Astros’ George Springer made his major-league debut on April 16, after being selected with the 11th overall pick in the 2011 draft.
Springer hit a franchise rookie record 10 home runs in May, for which he was honored as the American League Rookie of the Month, and has 16 home runs on the year, including this two-run blast on June 30:
The young slugger is hitting .240 with 43 RBI through 67 games, but is the league catching up to him already?
In May he batted .294 and had a Weighted Runs Created Plus of 186. League average wRC+ is 100, and every point above 100 is a percentage point above league average. In June that dropped to .227 and 128, respectively, and Springer is 1 for 9 in July with four strikeouts. And that is where he is having the most trouble, pitchers have found his weak spot: pitches low and away.
Here is a zone breakdown of the pitches that Springer has swung on and missed. The point of view is from the catcher, so Springer, a right handed hitter, would be lining up on the left side of the image.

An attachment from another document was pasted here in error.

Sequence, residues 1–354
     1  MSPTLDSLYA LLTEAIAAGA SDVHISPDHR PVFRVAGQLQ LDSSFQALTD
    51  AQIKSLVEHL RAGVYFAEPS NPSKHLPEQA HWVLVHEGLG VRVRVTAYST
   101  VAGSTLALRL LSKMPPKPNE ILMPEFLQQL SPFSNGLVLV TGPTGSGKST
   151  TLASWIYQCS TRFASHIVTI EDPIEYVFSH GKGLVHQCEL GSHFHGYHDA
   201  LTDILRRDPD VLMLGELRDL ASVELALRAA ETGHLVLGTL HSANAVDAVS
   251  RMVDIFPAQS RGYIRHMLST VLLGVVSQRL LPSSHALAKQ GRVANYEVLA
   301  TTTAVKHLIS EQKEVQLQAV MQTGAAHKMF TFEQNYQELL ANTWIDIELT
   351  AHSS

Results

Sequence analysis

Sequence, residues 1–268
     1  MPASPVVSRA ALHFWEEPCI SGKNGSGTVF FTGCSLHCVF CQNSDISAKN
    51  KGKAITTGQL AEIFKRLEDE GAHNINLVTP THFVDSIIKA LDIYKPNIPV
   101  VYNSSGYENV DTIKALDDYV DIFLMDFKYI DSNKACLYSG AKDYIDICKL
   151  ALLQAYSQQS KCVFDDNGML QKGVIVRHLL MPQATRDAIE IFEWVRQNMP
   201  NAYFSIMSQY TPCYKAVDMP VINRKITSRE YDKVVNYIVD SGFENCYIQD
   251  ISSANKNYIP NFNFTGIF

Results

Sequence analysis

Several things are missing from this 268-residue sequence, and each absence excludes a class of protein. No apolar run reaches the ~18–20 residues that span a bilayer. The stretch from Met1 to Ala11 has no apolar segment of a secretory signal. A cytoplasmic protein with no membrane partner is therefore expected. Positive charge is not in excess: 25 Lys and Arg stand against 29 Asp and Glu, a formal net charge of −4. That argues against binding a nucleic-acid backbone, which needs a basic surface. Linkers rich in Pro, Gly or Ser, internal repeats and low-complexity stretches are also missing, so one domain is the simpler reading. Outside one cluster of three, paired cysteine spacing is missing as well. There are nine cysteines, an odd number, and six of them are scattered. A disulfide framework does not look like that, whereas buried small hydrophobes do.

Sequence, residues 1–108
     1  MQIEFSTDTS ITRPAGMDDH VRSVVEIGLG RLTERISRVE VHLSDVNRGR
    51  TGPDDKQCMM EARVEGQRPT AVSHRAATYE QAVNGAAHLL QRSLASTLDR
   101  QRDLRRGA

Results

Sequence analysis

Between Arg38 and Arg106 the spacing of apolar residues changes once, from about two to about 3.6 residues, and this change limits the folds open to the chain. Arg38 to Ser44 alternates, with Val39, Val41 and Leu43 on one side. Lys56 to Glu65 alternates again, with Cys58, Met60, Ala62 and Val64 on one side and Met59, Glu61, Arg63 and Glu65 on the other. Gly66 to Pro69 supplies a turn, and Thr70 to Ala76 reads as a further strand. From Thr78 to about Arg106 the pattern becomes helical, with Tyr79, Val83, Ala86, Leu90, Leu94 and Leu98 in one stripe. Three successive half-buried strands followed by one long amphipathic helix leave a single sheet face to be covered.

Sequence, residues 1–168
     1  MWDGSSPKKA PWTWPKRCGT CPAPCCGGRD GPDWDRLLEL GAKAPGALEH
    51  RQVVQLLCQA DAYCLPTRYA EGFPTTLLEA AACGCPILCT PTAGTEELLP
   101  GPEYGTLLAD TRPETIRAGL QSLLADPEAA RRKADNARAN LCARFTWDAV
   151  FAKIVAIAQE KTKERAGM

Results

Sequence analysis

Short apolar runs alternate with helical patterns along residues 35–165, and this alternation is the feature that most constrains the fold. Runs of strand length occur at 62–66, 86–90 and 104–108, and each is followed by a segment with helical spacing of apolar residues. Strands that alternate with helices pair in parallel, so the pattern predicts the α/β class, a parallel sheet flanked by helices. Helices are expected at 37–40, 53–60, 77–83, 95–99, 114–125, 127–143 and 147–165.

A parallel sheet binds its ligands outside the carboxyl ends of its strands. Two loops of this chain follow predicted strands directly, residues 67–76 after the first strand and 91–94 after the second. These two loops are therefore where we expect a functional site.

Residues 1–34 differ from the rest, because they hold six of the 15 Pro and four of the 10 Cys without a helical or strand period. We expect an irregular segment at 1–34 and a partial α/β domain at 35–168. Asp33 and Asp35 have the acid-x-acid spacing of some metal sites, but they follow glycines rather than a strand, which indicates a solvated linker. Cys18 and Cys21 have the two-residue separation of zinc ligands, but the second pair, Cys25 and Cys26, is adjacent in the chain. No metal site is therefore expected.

Almost half those pitches down and away are sliders (31), against which Springer is batting .121 with a .224 slugging percentage and 27 strikeouts in 58 at bats.
And as the season wears on he is seeing more and more breaking balls and offspeed pitches.
This isn’t anything new: rookies tend to see less fastballs the more they stick around in the bigs, but if Springer doesn’t lay off those pitches low and away the Astros will see his performance fizzle down the stretch.
All stats in this post are through July 3.